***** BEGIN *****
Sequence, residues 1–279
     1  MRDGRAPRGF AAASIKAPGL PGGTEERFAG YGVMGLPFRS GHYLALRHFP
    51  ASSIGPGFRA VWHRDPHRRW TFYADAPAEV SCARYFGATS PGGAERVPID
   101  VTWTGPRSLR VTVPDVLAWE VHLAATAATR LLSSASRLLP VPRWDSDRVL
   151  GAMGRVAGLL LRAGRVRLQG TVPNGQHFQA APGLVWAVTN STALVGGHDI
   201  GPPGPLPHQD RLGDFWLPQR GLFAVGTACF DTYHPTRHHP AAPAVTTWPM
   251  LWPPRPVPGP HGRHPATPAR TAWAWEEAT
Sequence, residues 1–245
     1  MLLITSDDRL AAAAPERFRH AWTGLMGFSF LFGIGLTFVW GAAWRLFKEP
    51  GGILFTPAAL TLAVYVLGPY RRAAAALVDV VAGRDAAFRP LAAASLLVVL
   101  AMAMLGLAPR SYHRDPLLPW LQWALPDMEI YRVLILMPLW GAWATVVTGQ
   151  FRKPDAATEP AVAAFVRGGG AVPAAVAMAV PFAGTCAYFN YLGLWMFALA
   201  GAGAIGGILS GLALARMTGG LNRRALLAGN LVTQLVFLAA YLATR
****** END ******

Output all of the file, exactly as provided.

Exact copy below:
Sequence, residues 1–279
     1  MRDGRAPRGF AAASIKAPGL PGGTEERFAG YGVMGLPFRS GHYLALRHFP
    51  ASSIGPGFRA VWHRDPHRRW TFYADAPAEV SCARYFGATS PGGAERVPID
   101  VTWTGPRSLR VTVPDVLAWE VHLAATAATR LLSSASRLLP VPRWDSDRVL
   151  GAMGRVAGLL LRAGRVRLQG TVPNGQHFQA APGLVWAVTN STALVGGHDI
   201  GPPGPLPHQD RLGDFWLPQR GLFAVGTACF DTYHPTRHHP AAPAVTTWPM
   251  LWPPRPVPGP HGRHPATPAR TAWAWEEAT
Sequence, residues 1–245
     1  MLLITSDDRL AAAAPERFRH AWTGLMGFSF LFGIGLTFVW GAAWRLFKEP
    51  GGILFTPAAL TLAVYVLGPY RRAAAALVDV VAGRDAAFRP LAAASLLVVL
   101  AMAMLGLAPR SYHRDPLLPW LQWALPDMEI YRVLILMPLW GAWATVVTGQ
   151  FRKPDAATEP AVAAFVRGGG AVPAAVAMAV PFAGTCAYFN YLGLWMFALA
   201  GAGAIGGILS GLALARMTGG LNRRALLAGN LVTQLVFLAA YLATR